An architectural rendering depicts the outdoor bar and dining project that will replace the Springfield Inn. (Courtesy of GMH Restaurant Holdings)

GMH’s redevelopment plan is far less intensive than another project that had been proposed by a previous would-be buyer of the Springfield.

Springfield Inn closed on Sept. 21, 2019, in anticipation of its sale then to a Pennsylvania-based development group called HKM43 LLC. The group wanted to demolish the old building to make room for a new three-story complex featuring a restaurant, outdoor bar, banquet hall and condos. The deal with HKM43 later fell through, allowing GMH to buy the property.

Holloway and Halbruner repeatedly stressed that The Point will feature more open space and far less density than the project proposed by HKM43, making it more palatable to the surrounding residential neighborhood.

“Remember, we don’t want to be a building. We want to be an open-park setting,” Halbruner told the zoning board.

The zoning board meeting was conducted online amid the COVID-19 pandemic. Members of the public were given an opportunity to ask questions about the project and make comments.

Some homeowners living near the Springfield Inn expressed concern that the new outdoor bar and restaurant would be too noisy and would not blend in with the neighborhood.

“You’re talking about putting this right in the middle of a residential neighborhood,” said Claudia Vanderslice, an opponent of the project who lives in the 4400 Beach Condominium complex next door to the Springfield Inn site.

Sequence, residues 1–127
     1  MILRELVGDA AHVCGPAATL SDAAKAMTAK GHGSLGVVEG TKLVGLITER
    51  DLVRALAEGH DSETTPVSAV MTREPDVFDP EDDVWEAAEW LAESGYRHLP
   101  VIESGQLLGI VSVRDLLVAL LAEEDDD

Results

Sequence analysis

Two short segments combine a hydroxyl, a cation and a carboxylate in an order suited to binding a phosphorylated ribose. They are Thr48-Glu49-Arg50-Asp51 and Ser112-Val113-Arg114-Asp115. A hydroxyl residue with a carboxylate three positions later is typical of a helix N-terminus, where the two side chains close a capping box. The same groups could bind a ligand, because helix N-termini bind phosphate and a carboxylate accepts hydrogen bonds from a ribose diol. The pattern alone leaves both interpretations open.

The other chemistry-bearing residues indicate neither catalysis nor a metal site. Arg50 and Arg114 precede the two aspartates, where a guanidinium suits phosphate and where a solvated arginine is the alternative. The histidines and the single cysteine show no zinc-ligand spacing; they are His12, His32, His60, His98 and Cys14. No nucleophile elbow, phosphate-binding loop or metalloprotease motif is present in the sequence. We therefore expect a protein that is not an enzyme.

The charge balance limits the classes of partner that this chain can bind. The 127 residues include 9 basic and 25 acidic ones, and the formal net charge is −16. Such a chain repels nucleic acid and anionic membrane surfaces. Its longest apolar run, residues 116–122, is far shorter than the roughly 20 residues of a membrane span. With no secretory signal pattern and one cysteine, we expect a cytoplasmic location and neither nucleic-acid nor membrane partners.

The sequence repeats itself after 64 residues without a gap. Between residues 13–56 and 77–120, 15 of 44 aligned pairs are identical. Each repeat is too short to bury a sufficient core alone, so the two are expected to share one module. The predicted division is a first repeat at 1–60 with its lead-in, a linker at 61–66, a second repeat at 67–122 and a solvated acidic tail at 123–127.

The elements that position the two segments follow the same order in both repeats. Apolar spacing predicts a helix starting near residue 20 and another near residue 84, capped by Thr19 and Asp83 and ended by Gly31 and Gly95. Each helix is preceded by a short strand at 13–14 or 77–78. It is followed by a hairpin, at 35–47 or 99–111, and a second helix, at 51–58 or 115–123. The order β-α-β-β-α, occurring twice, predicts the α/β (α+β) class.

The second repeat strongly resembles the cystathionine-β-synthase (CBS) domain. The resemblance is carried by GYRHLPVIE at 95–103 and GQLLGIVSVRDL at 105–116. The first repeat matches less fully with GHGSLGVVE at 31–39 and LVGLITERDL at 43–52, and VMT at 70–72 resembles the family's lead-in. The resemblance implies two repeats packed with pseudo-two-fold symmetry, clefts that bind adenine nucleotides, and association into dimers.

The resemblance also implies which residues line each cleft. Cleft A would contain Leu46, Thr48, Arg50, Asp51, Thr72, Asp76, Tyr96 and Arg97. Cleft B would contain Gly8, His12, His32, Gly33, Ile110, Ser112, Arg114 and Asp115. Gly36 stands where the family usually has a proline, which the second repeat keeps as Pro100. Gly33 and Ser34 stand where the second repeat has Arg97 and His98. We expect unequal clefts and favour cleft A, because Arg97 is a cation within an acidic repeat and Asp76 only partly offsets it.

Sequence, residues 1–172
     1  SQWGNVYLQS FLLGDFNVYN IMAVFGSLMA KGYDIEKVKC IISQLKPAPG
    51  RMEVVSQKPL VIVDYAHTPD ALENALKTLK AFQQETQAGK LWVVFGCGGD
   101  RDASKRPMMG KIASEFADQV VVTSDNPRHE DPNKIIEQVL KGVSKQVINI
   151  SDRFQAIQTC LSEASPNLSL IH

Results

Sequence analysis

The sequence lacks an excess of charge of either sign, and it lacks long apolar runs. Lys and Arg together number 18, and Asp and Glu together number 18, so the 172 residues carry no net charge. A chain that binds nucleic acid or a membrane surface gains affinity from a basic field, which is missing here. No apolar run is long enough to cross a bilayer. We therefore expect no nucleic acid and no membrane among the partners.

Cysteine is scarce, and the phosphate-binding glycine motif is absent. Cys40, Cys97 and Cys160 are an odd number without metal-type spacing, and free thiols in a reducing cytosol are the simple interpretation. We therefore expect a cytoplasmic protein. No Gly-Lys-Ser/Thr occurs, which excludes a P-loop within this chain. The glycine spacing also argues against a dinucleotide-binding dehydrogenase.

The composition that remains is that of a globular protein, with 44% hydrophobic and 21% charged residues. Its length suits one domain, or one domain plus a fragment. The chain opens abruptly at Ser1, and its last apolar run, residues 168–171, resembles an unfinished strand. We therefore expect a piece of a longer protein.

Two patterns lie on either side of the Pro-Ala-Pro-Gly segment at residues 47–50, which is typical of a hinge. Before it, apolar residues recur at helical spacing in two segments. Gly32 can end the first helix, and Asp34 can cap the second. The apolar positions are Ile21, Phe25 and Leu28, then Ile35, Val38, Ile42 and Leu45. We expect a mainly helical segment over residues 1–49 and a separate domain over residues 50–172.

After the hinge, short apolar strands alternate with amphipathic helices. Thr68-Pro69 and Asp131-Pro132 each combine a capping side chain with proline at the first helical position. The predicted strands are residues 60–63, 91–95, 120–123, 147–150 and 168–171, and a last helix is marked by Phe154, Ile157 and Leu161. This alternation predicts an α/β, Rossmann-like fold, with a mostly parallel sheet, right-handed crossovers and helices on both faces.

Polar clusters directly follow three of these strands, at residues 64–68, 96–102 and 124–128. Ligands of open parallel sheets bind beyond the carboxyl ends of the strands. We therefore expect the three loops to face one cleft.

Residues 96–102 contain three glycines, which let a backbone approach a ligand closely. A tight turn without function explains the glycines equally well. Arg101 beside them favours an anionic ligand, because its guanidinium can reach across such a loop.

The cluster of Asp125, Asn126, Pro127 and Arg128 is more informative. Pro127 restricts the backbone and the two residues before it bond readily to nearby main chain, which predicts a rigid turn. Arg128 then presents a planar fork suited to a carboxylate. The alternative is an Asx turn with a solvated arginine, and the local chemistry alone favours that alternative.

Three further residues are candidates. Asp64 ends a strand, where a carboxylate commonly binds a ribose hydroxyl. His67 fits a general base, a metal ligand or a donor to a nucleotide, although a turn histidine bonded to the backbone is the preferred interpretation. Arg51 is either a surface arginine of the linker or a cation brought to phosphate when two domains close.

Nancy Brewer-Carlsen, another opponent of the project who lives at the 4400 Beach Condominium, said she is worried that The Point will start a trend in Sea Isle for “massive outside party bars.”

Customers raise their hands and drinks in tribute to the Springfield Inn while celebrating the bar’s last day on Sept. 21, 2019.

Tony Desderio, president of the 4400 Beach Condominium Association board, also voiced concerns about the loud music and noise levels that will come from The Point.

However, Desderio said that a majority of the association board has voted to support the project because Holloway has personally pledged to work with the condo owners to minimize the noise and address other concerns they may raise.

Both sides have discussed the possibility of building a sound barrier between the bar and the condo complex to lessen the noise, Desderio added.

Holloway said The Point will strictly adhere to Sea Isle’s noise ordinances. He also pointed out that live music will stop at 9 p.m. and that the bar and restaurant will close at 11 p.m.

The project represents a new wave of upscale development catering to the beach town’s higher-end tourism market. Supporters said it should help to draw new visitors to Sea Isle and boost the local economy.

“It is a great addition for the center of town. It is the kind of project you want to see and the kind of project we have been seeing come here,” said Christopher Glancey, a local developer and business owner who formerly served as president of the Sea Isle City Chamber of Commerce and Revitalization.

Dan McCann, a local attorney whose family owns a real estate and home construction business, said he believes The Point “checks all of the boxes” for being another centerpiece of Sea Isle’s tourism industry.

“They will clean up this corner and rejuvenate this area. If you look at the progress in that area, we feel it will increase property values and increase foot traffic. And from what I heard, I am excited about what the project will mean and what it means to the downtown,” McCann said.

Now badly deteriorated, the Springfield Inn and its outdoor Carousel Bar will be demolished.